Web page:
Editorial Note: This is a guest opinion article submitted by Deloitte, compiled by the following authors:
- Myke Miller, Managing Director and Dean of the Deloitte Cloud Institute, Deloitte Consulting LLP
- Mahadev Satyanarayanan (Satya), the Carnegie Group University Professor of Computer Science at Carnegie Mellon University and Deloitte Cloud Institute Fellow
- Diana Kearns-Manolatos, senior manager, Deloitte Center for Integrated Research
Global industrial supply chains and the aviation industry have been significantly impacted during the pandemic. Industrial and manufacturing organizations have seen tremendous stress on personnel, production, and distribution of products and parts. Airlines have faced financial pressures with reduced global travel and changing regulations driving a need for innovation everywhere from the factory floor to the flight. Organizations have begun to address these challenges with a new era of digital lean manufacturing.
However, these solutions focus largely on cost reduction and quality improvement of existing infrastructures rather than the systemic transformation the aerospace, manufacturing, and industrials industries would need to survive, compete, and change/disrupt. Therefore, an ecosystem strategy, which brings together the full business complemented by a digital ecosystem of cloud, edge, mobile, and other platform technologies (e.g., robots, IoT, etc.) can help provide these organizations with a more distributed infrastructure to power a range of solutions, “industrial troubleshooting” infrastructure and application innovations to address these challenges.
As we discussed in our recent interview, “The next chapter in computing is going to be about the creation of this edge computing infrastructure worldwide to enable brand-new, edge-native applications you simply couldn’t create if you only had to rely on the cloud.”
We’ll explore three of these use cases for aerospace across manufacturing, maintenance and customer experience, and mobility–with actionable recommendations on how to take forward these cloud-edge solutions.
Three Use Cases for Cloud-edge Solutions in Aerospace
Advanced Manufacturing and Supply Chains
One of the key trends shaping up in the last couple of years and accelerated by COVID-19 is the shift from a linear supply chain (discrete progression from design of aerospace parts, source, make, and deliver) to a dynamic, interconnected digital supply network (DSN) supported by cloud solutions. The core advantage of DSN is that it incorporates information from different ecosystem partners (that touch six million or more parts that go on an aircraft) to create a virtual world that mirrors the physical world and helps drive informed production and distribution. The result is a more agile value chain that can adapt to changes in product designs and production levels and is overall better prepared for future contingencies.
Aerospace companies are increasingly leveraging advanced manufacturing technologies on the factory floor by using mobile, edge, cloud, and continuously reporting sensing platforms to gain greater predictability and control over supply chains during times of uncertainty. Organizations that produce parts and products for aerospace companies are using everything from robots to 3D printers and digital twins to speed up production, simulate and test scenarios, and drive more data-driven actions across the factory floor.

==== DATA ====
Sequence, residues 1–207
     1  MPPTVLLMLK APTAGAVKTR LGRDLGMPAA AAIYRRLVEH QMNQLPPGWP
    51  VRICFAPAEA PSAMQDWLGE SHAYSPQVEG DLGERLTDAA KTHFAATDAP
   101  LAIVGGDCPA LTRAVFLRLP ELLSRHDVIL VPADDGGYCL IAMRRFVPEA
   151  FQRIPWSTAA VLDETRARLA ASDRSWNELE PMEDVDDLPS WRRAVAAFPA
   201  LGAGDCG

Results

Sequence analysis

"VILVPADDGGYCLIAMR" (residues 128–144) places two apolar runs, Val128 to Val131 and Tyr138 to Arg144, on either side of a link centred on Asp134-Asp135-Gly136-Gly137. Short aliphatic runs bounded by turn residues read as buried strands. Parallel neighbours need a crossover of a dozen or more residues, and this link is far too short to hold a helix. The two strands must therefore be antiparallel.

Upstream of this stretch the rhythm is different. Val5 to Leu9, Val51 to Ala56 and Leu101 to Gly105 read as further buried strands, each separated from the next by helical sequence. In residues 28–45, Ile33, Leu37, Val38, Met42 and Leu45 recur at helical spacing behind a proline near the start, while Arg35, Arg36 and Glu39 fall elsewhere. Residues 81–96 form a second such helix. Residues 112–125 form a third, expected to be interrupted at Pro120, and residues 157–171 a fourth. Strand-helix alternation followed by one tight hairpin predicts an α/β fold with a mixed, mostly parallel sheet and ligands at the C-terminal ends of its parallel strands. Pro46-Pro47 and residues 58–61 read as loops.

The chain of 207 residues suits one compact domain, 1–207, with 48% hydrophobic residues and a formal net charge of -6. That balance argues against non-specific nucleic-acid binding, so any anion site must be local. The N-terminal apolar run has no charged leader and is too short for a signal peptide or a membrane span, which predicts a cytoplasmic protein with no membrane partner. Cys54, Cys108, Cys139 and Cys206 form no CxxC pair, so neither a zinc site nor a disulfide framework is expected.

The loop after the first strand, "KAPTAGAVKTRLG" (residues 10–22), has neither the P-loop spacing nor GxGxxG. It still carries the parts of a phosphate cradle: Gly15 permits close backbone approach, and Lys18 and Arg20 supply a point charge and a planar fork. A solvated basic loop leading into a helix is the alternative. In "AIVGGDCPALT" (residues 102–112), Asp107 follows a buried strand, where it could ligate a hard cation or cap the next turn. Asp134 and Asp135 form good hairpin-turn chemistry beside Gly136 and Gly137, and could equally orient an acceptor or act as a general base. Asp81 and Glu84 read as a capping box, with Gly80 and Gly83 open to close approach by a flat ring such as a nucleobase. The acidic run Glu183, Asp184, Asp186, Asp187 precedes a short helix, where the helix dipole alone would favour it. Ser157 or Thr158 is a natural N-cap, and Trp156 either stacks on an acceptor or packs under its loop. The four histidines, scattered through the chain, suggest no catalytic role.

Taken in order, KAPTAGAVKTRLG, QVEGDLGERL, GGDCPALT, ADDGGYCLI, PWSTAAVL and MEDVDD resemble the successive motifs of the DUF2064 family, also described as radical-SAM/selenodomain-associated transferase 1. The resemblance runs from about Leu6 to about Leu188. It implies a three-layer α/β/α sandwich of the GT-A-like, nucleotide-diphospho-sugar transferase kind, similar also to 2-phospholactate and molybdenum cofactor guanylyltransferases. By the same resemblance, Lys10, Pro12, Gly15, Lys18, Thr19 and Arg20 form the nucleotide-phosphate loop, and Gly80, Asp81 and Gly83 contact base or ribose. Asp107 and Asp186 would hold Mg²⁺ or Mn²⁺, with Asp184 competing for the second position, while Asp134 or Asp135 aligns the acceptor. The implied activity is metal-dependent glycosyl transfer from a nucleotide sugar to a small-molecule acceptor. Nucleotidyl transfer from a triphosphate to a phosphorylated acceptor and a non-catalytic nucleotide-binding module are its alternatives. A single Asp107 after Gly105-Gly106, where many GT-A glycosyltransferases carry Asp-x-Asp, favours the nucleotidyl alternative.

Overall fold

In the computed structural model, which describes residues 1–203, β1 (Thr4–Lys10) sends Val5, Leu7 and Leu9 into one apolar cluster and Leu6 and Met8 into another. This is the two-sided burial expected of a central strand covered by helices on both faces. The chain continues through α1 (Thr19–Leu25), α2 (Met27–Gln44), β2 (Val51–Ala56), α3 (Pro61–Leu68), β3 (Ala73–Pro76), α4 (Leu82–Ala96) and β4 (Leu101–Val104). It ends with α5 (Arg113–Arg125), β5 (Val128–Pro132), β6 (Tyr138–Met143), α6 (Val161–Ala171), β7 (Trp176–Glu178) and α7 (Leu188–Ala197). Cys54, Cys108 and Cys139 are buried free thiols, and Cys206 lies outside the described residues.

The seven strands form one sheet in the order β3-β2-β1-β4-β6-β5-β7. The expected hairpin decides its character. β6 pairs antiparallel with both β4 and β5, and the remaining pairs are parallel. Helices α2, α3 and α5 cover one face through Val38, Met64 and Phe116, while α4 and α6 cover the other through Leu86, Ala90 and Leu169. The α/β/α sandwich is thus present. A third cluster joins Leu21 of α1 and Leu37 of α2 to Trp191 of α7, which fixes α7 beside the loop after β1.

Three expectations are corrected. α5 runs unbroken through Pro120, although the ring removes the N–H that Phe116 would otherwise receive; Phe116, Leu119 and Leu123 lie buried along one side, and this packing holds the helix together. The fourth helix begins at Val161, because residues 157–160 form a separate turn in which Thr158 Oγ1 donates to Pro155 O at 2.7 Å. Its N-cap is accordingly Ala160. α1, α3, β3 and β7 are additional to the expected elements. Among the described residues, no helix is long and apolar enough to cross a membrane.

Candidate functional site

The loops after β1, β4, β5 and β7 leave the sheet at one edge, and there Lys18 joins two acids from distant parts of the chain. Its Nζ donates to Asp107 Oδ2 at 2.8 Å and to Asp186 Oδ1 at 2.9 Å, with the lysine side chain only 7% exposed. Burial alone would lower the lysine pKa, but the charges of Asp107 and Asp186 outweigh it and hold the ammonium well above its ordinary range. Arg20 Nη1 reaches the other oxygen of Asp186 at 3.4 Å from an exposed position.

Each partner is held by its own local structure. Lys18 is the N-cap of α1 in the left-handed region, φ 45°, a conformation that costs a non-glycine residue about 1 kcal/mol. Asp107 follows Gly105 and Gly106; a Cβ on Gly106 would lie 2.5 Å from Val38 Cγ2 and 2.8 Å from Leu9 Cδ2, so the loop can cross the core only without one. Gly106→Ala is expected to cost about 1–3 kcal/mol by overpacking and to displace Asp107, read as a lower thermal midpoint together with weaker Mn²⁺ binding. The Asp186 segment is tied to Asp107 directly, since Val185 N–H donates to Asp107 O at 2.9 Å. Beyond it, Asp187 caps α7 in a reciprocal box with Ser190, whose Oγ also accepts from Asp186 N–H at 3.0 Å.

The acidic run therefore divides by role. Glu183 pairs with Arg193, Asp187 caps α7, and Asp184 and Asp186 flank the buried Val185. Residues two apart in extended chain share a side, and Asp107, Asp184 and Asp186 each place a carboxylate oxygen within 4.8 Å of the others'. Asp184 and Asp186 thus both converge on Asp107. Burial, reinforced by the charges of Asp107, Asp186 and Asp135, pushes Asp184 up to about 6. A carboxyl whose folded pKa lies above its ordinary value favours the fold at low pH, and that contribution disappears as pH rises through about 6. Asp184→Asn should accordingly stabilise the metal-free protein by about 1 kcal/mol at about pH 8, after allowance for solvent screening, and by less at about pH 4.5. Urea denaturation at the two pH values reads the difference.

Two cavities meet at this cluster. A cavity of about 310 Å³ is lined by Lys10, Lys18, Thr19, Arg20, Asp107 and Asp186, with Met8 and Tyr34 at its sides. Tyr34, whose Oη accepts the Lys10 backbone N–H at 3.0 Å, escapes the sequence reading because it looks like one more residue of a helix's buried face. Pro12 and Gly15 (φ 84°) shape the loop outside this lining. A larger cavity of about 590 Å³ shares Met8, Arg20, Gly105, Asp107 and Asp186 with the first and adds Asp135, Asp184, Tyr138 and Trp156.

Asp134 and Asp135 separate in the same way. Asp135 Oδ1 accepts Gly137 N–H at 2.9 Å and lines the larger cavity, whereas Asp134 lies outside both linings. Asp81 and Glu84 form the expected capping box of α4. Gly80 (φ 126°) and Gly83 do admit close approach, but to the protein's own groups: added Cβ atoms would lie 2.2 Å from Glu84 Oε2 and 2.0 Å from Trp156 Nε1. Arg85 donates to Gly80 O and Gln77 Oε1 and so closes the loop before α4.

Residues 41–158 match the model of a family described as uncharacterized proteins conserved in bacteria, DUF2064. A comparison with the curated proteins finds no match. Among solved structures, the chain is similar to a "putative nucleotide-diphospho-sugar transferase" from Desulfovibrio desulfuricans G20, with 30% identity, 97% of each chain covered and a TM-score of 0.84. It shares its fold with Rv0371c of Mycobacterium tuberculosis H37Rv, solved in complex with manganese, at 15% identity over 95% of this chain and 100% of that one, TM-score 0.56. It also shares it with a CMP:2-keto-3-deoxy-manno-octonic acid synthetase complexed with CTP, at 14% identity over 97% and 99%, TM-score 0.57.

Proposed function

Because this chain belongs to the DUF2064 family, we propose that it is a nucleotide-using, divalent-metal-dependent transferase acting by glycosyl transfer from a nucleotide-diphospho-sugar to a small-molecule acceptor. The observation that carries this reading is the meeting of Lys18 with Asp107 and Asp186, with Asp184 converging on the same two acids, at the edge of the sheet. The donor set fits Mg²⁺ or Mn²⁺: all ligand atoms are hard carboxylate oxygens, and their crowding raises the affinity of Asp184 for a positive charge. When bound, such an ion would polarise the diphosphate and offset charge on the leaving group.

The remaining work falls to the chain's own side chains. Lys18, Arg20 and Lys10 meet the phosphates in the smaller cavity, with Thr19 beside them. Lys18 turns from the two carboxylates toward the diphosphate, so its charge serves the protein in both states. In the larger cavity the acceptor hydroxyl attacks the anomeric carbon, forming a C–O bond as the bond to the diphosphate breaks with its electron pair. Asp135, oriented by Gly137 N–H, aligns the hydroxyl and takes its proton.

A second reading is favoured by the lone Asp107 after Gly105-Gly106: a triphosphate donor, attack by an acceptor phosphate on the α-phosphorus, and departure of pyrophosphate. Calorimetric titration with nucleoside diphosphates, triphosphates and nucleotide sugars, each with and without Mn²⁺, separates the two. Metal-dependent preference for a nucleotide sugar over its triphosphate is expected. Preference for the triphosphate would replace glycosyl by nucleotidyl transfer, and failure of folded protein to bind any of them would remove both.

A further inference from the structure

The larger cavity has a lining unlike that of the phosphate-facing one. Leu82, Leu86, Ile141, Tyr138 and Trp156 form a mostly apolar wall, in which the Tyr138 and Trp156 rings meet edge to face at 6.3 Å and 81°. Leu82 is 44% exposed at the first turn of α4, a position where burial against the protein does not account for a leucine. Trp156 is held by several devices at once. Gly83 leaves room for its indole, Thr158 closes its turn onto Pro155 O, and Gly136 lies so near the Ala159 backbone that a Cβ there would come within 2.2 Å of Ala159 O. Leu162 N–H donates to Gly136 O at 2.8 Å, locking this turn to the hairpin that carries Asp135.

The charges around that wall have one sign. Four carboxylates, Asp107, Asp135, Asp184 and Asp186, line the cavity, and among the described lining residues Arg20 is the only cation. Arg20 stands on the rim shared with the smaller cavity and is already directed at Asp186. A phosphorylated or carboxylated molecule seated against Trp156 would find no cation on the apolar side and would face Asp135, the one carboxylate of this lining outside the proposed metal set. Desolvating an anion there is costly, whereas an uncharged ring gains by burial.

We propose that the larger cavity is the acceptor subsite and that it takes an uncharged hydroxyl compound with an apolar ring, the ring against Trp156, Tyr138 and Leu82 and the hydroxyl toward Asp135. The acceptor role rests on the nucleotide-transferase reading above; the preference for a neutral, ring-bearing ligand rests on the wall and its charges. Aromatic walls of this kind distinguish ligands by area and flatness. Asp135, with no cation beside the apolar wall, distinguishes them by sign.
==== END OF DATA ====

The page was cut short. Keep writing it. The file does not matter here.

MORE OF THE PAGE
“This is something that people are doing now, and 86 percent of manufacturers from a recent MAPI and Deloitte survey believe that smart factory initiatives are going to be a main driver of competitiveness over the next five years,” says Lou Librandi, principal, Deloitte Consulting LLP.
One aerospace company, for example, developed a cloud AI platform to better schedule machining assets and direct labor, as well as track inventory The solution used localized data, integrated with ERP and 3PL systems, to monitor “machine available for perform work,” tracking and tracing where parts were in the facility for staging. The organization then developed a command center to manage the factory floor across human teams, allowing the organization to reduce the time spent locating parts in its factory by one-third, and thus, increasing production speed and profitability.
Another example is an Industry 4.0 immersive center—one focused on bringing together advanced manufacturing methods and technologies. The Wichita State University Smart Factory—a 60,000 square foot smart building on a smart grid— offers an experience in which the digital, physical, and experimental come together to speed up smart factory capabilities. Additive manufacturing, collaborative robotics, advanced materials and composites, automation, reverse engineering, and augmented and virtual reality (AR/VR) prototyping simulators are all at the ready on this innovative campus.
Maintenance and Customer Experience
Airlines have a number of customer-facing processes where strong digital solutions can simultaneously enhance processes and the customer experience. Existing cloud solutions power everything from digital flight booking solutions to management of ticketing and boarding passes across a local and global network of flights. However, many aerospace companies still struggle with optimizing the customer experience at the airport and managing a vast network of planes, cargo, and personnel needed to manage each flight.